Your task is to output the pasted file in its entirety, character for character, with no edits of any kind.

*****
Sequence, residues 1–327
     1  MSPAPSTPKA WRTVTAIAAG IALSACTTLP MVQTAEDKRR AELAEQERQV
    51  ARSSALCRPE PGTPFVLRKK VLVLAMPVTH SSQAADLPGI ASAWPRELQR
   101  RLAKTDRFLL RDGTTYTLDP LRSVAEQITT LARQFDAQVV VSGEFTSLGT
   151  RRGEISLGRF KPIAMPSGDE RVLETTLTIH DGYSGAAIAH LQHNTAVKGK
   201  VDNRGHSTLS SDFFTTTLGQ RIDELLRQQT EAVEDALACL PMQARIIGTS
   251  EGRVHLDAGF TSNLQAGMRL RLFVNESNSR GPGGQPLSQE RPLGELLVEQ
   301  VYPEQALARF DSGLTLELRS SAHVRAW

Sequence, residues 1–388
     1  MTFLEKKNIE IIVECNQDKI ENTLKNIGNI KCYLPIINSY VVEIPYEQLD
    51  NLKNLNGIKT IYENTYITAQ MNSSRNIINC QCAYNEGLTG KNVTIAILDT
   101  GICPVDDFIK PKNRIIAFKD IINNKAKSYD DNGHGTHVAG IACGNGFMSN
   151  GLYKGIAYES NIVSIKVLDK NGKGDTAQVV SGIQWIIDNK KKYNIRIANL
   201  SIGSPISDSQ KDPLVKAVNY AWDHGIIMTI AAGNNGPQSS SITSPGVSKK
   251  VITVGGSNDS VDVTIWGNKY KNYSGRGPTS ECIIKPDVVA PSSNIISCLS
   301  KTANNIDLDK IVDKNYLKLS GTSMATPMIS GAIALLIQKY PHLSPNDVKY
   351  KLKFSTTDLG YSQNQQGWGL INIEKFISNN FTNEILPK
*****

Sequence, residues 1–327
     1  MSPAPSTPKA WRTVTAIAAG IALSACTTLP MVQTAEDKRR AELAEQERQV
    51  ARSSALCRPE PGTPFVLRKK VLVLAMPVTH SSQAADLPGI ASAWPRELQR
   101  RLAKTDRFLL RDGTTYTLDP LRSVAEQITT LARQFDAQVV VSGEFTSLGT
   151  RRGEISLGRF KPIAMPSGDE RVLETTLTIH DGYSGAAIAH LQHNTAVKGK
   201  VDNRGHSTLS SDFFTTTLGQ RIDELLRQQT EAVEDALACL PMQARIIGTS
   251  EGRVHLDAGF TSNLQAGMRL RLFVNESNSR GPGGQPLSQE RPLGELLVEQ
   301  VYPEQALARF DSGLTLELRS SAHVRAW

Sequence, residues 1–388
     1  MTFLEKKNIE IIVECNQDKI ENTLKNIGNI KCYLPIINSY VVEIPYEQLD
    51  NLKNLNGIKT IYENTYITAQ MNSSRNIINC QCAYNEGLTG KNVTIAILDT
   101  GICPVDDFIK PKNRIIAFKD IINNKAKSYD DNGHGTHVAG IACGNGFMSN
   151  GLYKGIAYES NIVSIKVLDK NGKGDTAQVV SGIQWIIDNK KKYNIRIANL
   201  SIGSPISDSQ KDPLVKAVNY AWDHGIIMTI AAGNNGPQSS SITSPGVSKK
   251  VITVGGSNDS VDVTIWGNKY KNYSGRGPTS ECIIKPDVVA PSSNIISCLS
   301  KTANNIDLDK IVDKNYLKLS GTSMATPMIS GAIALLIQKY PHLSPNDVKY
   351  KLKFSTTDLG YSQNQQGWGL INIEKFISNN FTNEILPK